Katharine Browne argues that exclusion from coverage for IVF on the basis of voluntary sterilization is unjustified.
A rally was held this past weekend in Montreal to protest Bill 20‘s promise to scale back funding for Quebec’s in vitro fertilization (IVF) program. The controversial Bill was introduced in November 2014 as part of Minister of Health Gaétan Barrett’s efforts to reform Quebec’s healthcare system. The Bill will replace coverage of IVF by public health insurance (RAMQ) with sliding tax credits, which vary depending on income. Minister Barrette has indicated that the government will introduce exclusion criteria for those tax credits. Among those who will be excluded are women younger than 18 and older than 42, individuals and couples who have already had a child, those who have not tried to conceive naturally for a fixed period of time, and those who have undergone voluntary sterilization for reasons other than medical necessity.
The limitations imposed by the Bill have been the subject of much debate. Attention has been focused on the upper age limit on access, and whether a variable tax credit, which would require families to pay for IVF treatment upfront, would unfairly disadvantage lower-income families. However, the exclusion of individuals on the basis of voluntary sterilization has gone largely unnoticed, leaving some important questions unaddressed.
To restrict access to IVF funding on the basis of having undergone voluntary sterilization is to make the claim that individuals who have not undergone voluntary sterilization have a greater claim on health resources than those who have. Can the government of Quebec justify that claim?
One way to do so is to appeal to the following principle: If an individual is personally responsible for a condition that they now want remedied, society should not have to pay for that remedy. According to this principle, society should not be saddled with the cost of IVF treatment for those who have chosen to become sterilized. It would also follow from this principle that society should not have to pay for treatment for lung disease of an individual who chooses to smoke. Or for treatment for a broken leg for an individual who deliberately goes skiing out of bounds.
Are we prepared to accept a healthcare system that allocates resources on the basis of personal responsibility? On the one hand, one might say people should have understood that the activities they engaged in might well lead to the health outcome that now requires treatment. Cigarettes come with warning labels. Ski runs have clearly marked boundaries. Sterilization procedures have a consent process. It should come as no surprise to the pack-a-day smoker that she now finds herself with lung disease; or to the skier who went out of bounds that he now has a broken leg; or to the sterilized person that she cannot now have children. Why should society now pay for these choices?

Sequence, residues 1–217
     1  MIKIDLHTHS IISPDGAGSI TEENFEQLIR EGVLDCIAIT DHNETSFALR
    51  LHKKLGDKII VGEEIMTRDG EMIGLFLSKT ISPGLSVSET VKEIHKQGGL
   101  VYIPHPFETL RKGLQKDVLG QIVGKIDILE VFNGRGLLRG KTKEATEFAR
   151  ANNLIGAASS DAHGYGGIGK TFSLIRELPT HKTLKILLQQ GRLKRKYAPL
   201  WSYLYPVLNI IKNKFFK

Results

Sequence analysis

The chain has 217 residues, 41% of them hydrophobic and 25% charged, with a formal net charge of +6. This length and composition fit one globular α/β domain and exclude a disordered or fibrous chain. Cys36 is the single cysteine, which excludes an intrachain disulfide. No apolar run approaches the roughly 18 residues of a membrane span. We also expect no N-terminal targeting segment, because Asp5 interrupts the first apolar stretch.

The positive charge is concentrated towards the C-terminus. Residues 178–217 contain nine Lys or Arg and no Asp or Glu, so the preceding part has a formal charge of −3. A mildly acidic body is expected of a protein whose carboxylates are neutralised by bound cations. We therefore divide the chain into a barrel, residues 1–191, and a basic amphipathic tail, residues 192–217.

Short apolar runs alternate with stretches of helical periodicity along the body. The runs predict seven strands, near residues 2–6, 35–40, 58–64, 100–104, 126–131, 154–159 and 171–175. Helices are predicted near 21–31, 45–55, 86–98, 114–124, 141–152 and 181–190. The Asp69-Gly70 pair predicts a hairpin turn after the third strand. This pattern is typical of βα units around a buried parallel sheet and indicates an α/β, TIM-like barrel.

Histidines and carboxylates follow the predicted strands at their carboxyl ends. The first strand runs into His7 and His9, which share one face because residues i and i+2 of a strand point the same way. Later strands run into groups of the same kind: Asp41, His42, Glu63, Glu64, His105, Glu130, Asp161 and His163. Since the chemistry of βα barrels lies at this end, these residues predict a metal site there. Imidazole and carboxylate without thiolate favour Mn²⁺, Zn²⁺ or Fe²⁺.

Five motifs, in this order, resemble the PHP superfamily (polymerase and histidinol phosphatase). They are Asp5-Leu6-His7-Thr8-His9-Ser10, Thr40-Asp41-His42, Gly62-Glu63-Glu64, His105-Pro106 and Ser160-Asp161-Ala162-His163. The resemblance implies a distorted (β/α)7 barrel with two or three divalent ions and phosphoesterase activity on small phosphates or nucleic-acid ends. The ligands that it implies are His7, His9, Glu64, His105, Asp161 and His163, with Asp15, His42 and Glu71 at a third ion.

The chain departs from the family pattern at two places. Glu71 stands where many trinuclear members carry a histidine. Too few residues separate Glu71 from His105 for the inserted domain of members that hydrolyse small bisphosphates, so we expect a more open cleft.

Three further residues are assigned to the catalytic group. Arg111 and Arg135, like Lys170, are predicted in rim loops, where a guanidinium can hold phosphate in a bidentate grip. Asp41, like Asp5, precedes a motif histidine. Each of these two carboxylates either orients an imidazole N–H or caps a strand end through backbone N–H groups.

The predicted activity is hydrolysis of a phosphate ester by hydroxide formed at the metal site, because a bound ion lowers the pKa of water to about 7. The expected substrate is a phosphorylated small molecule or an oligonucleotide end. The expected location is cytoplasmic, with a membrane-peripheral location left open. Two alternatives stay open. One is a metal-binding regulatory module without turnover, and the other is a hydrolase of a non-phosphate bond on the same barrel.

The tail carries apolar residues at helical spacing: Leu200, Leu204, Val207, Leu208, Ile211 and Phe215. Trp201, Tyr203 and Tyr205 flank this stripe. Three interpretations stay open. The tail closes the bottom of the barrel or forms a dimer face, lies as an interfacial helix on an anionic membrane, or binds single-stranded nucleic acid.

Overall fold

On the other hand, persons can only be properly held responsible for the choices they make freely, and there are numerous factors that affect the freedom under which certain choices are made. Clever advertising campaigns and peer pressure may be said to affect the freedom of an individual’s “choice” to smoke. There are also social and economic considerations that may affect the freedom of an individual’s choice. For example, women who underwent sterilization before the age of 30 or began building their families early are often the ones who later come to regret their decision to become sterilized. These factors are associated with lower income and education levels. Some women who experience regret after sterilization were in abusive relationships, and turned to sterilization as a means of exercising reproductive autonomy. These women may now seek counsel regarding sterilization reversal because they would like to start a family with a new partner. We thus might say that the circumstances surrounding voluntary sterilization and subsequent regret are not always things for which individuals can be properly held responsible, and that penalizing individuals for the outcome of their choices is improper.
More generally, the fact that there are several factors that mitigate responsibility for choice suggests that personal responsibility ought not to serve as a basis upon which to make decisions about the allocation of any healthcare resource. Indeed, basing such decisions on personal responsibility contravenes the values that underlie the Canadian healthcare system, according to which need and need alone should determine access to healthcare. Those who wish to defend Bill 20’s proposed exclusion from IVF coverage on the basis of voluntary sterilization will need to offer some other justification for this criterion.